Admittedly, I’ve made the sweet 16 cut once in seventeen attempts, and honorable mentions three times. Although it would be nice to make the cut every time, I join the sessions with zero expectations of making it. Sure, I hope my piece is on the board, but when it’s not, I know I have to do better next time.
With over 100 submissions each month, it’s really hard to make it! Especially if the artist is lacking in skills (like me).
Cheers to everyone who keeps trying to get better with each piece despite not making the cut, month after month.
@Jeremiahbrown These are all very astute observations, though #1 is a double-edged sword. I definitely remember instances of exceptional pieces that were discarded because they did not follow the prompt. I remember one last year with the prompt "isolation" or something where someone made an amazing piece with penguins social distancing each on their little patch of floating ice. I thought it was a really nice interpretation of the prompt and really skilled piece, but it was voted down by the judges for not following a more typical interpretation of isolation. In general, since this contest is so competitive, I wouldn't say it's a safe bet to not pay attention to any one of the official guidelines. Wanna put all chances on our side right?
This is a neat breakdown of what you've seen. I was taking notes last night as I watched the replay.
I would say an adjustment should be made on the prompt not really mattering. It's the prompt. It's what we're all operating off of for the contest. Just looking at my own piece, I missed elements that would have made her look more like a traveller. Jake even listed off some during a critique (compass, backpack, bed roll). So there is a standard set, maybe it should be the final review element before the 16 is locked.
I do wonder if the notes posted with final images are read by the judges, or if they're just looking at the images. It's probably just the image, but that's unclear.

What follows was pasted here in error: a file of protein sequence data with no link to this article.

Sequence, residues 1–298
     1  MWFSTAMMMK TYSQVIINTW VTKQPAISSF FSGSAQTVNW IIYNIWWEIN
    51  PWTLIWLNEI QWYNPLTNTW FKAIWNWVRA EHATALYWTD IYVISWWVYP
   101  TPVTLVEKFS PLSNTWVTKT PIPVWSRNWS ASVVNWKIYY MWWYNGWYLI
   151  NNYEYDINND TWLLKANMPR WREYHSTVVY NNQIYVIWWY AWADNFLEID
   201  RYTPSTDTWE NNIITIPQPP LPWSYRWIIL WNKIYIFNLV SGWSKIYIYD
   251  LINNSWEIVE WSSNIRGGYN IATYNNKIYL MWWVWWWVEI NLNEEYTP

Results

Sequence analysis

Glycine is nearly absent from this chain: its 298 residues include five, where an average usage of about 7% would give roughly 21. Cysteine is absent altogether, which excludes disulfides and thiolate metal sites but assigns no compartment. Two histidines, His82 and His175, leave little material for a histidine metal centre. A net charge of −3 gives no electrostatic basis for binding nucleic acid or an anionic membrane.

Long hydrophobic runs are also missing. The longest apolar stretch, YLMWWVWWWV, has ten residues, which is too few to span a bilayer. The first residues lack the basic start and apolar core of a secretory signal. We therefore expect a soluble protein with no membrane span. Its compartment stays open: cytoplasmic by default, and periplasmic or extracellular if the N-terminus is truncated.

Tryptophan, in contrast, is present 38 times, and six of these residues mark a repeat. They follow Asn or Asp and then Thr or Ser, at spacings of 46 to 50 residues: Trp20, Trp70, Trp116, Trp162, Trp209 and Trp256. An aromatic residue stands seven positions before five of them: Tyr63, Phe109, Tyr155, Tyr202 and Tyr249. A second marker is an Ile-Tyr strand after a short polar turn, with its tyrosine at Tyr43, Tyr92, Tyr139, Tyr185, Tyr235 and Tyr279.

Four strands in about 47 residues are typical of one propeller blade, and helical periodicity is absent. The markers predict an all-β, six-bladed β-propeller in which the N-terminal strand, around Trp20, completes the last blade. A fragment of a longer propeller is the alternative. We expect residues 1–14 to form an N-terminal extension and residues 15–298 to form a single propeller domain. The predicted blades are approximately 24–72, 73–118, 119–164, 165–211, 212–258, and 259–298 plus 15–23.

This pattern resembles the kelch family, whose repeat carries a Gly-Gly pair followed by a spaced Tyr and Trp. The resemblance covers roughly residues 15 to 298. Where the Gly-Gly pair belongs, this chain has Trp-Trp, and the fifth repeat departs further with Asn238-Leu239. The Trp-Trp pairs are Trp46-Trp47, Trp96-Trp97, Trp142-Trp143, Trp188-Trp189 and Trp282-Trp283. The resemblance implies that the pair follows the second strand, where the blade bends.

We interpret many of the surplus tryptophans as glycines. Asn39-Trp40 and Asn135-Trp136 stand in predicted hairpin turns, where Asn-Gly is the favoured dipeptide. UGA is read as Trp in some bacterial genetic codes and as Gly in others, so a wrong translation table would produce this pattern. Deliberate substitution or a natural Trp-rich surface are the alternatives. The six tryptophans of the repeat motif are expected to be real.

@Jeremy-Ross nailed it with mentioning Jake's portfolio piece comment. The element of competition can cloud that perspective.
Yay! I love these responses! I'm realizing maybe it's a bit absurd to try to create a formula for winning at something that has so many variables that is probably can't be made into a formula but it's fun to try!
@chrisaakins Great point, they, in particular are big on anatomy!
I @Jeremy-Ross I agree wholeheartedly agree with your portfolio comment and just having fun and @RachelArmington
great point with the "chance aspect of it all is good practice for submitting work!" It's a truer experience to what we'll experience in the professional world.
@jaepereira You're probably right about the prompt but there were at least two top 16's that had minimal "traveler" gear or story but they nailed my 4th point. They were very readable and likable upon initial view so I believe that story and prompt took a backseat in regards to where they were ranked. I think in some cases the gear made the characters less readable/likeable and actually worked against the piece.
@NessIllustration You're most likely right with your "double-edged sword" amendment but I am wondering if the piece you mentioned lacked #4 on my list? I think a strong #4 eliminates the need for following the prompt...at least until "the people" vote on it. I wasn't part of SVS at that point so I'm not sure.